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Covid-19 ‘Vaccines’ Touted for Just $250 on Darknet

All of the vendors we found insist on payment in bitcoin, as it minimizes the chance of them being traced, casting further doubt on the authenticity of the medicines they are selling

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Although the Covid-19 pandemic continues to spread and disrupt our lives, societies and economies, there is now light appearing at the end of the tunnel.  Several vaccines are being fast-tracked towards mass production in a race to overcome the Covid crisis and, in the longer term, to improve our response to future pandemics.

Unfortunately, while most of us are watching with hope, there are some watching with greed and malice in their minds, with the intent of capitalizing on our concerns about Covid-19 and our desire to be protected against the risk of catching it.

Coronavirus ’medicines’ and vaccines available on the Darknet – at a price
The news that Covid vaccines are now available and in the process of being administered at scale has driven global interest and expectation.  Of course, there are many people who don’t want to wait to get the protection via their country’s official healthcare channels – and there are always vendors on the dark net who claim to be able to serve these peoples’ needs.  Check Point Research found a stream of posts on the Darknet from sources claiming have a range of “Coronavirus vaccines ” or “Coronavirus remedies” for sale. In fact, Europol, the European Union Agency for Law Enforcement Cooperation, has already issued an early warning notification on vaccine-related crime during the pandemic.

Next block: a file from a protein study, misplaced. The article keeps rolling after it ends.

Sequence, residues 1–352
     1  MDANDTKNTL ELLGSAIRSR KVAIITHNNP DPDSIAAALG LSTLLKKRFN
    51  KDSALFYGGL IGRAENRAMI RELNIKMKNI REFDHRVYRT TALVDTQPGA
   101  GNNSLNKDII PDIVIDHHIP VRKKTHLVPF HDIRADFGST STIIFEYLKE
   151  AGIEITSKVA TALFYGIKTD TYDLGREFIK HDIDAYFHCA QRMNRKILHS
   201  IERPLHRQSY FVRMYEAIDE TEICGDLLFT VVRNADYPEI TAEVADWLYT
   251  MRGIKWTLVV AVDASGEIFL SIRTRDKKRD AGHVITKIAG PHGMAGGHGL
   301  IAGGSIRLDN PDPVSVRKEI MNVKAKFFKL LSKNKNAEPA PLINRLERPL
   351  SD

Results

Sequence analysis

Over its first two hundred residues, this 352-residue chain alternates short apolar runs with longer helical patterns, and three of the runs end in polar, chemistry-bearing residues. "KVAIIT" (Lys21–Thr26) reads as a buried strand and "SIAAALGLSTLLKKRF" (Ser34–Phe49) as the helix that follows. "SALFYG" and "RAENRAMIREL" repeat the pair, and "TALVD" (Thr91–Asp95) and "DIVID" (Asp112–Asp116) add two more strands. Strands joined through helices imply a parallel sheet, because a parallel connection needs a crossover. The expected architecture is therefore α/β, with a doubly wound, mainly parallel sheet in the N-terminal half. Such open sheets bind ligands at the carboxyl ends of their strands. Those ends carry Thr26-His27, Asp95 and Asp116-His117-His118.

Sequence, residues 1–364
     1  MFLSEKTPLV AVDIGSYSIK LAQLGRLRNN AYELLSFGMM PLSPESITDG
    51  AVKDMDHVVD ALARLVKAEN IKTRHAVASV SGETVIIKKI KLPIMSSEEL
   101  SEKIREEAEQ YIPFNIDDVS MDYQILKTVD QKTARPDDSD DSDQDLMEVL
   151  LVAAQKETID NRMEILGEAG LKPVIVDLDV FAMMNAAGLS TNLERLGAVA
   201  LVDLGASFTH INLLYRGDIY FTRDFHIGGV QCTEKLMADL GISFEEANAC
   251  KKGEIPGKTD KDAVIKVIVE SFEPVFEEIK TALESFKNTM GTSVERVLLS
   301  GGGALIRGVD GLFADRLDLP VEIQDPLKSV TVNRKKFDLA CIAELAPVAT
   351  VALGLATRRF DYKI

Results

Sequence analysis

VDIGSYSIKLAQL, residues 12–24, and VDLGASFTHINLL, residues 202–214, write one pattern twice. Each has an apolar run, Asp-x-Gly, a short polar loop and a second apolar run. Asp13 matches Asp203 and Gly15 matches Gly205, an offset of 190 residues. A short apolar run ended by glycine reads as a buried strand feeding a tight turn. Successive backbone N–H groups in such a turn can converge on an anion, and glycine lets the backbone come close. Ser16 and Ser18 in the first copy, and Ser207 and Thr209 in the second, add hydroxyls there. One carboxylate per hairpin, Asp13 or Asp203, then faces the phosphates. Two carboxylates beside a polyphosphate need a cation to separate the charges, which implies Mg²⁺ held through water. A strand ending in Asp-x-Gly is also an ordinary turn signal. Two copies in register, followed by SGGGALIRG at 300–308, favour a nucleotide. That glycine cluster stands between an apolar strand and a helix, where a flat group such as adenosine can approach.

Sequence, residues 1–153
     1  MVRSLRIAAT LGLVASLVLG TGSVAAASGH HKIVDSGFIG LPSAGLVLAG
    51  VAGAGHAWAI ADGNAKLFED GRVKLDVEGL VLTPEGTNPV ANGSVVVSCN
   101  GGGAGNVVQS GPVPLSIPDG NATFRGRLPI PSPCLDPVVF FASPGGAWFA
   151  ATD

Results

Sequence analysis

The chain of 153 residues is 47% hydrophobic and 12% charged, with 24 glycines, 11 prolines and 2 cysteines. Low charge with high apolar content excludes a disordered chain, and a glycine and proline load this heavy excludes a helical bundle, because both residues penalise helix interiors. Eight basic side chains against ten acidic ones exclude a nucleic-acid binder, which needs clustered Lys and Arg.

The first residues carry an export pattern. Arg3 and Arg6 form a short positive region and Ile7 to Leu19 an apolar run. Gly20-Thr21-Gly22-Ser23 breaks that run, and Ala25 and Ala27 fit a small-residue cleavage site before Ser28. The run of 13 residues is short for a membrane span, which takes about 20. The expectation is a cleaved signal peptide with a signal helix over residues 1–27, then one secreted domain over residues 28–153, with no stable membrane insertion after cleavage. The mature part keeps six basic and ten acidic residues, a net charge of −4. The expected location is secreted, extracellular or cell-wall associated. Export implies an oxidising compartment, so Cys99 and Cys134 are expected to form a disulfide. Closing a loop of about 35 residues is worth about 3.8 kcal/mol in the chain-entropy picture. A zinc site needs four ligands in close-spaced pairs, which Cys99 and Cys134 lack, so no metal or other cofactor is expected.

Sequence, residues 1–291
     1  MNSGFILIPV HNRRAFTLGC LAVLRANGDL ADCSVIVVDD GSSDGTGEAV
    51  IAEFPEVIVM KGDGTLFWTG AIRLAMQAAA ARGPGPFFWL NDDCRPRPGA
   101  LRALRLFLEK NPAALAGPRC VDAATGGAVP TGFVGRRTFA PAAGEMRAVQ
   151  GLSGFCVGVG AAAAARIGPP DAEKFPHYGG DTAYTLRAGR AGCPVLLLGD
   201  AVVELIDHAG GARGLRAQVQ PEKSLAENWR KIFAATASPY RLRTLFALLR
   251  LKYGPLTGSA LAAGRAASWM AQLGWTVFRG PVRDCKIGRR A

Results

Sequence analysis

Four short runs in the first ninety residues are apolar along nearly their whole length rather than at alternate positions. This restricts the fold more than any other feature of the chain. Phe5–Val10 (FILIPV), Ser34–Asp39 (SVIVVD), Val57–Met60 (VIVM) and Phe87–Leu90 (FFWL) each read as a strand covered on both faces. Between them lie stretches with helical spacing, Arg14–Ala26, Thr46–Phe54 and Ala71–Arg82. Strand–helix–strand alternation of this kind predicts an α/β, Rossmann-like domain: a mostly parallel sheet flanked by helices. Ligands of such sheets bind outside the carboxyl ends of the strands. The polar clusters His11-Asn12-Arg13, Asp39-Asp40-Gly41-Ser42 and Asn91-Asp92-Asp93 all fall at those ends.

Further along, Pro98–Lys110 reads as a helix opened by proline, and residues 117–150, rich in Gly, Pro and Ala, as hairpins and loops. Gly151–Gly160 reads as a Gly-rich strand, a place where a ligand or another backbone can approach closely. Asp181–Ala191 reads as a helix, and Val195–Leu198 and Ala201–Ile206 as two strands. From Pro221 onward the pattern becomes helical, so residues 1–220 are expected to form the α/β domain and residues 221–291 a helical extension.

The range of medicines advertised by these vendors is extensive, from “available corona virus vaccine $250” to “Say bye bye to COVID19=CHLOROQUINE PHOSPHATE”” to “Buy fast.CORONA-VIRUS VACCINE IS OUT NOW.”  Of course, we have to take the vendors’ word about whether what they are selling are genuine.

All of the vendors we found insist on payment in bitcoin, as it minimizes the chance of them being traced, casting further doubt on the authenticity of the medicines they are selling.  In communications with one vendor, they offered to sell an unspecified Covid-19 vaccine for 0.01 BTC (around US$300), and claimed that 14 doses were required.  This advice contradicts official announcements which state that some Covid vaccines require two shots, given 3 weeks apart, per person.

Sharp rise in Covid-19 vaccine related domains in November
November’s positive news about vaccine trials and imminent availability has also driven a surge in new web domains that relate to Covid-19 or vaccines being registered.  Our data shows that since the beginning of November there were 1062 new domains which contain the word “vaccine” that were registered, out of which 400 also contain “covid” or “corona”. 6 of these sites were found to be “suspicious”. These figures are equivalent to the previous 3 months (August, September and October) combined.

New vaccine-related phishing email campaigns
Besides trying to sell fake Covid-19 medications and vaccines, threat actors are also using vaccine-related news as bait for their phishing campaigns. We’ve previously reported that cyber criminals are taking advantage of vaccine developments, resulting in malspam campaigns seen in the wild.

These emails delivered malicious .EXE files with the name “Download_Covid 19 New approved vaccines.23.07.2020.exe” that when clicked on, installs an InfoStealer capable of gathering information, such as login information, usernames and passwords from the user’s computer to enable threat actors to take over accounts.

Another recent email campaign detected by Check Point Research, contained the subject “pfizer’s Covid vaccine: 11 things you need to know” (in English and Spanish) and a malicious executable file named “Covid-19 vaccine brief summary” which has been detected as Agent Tesla.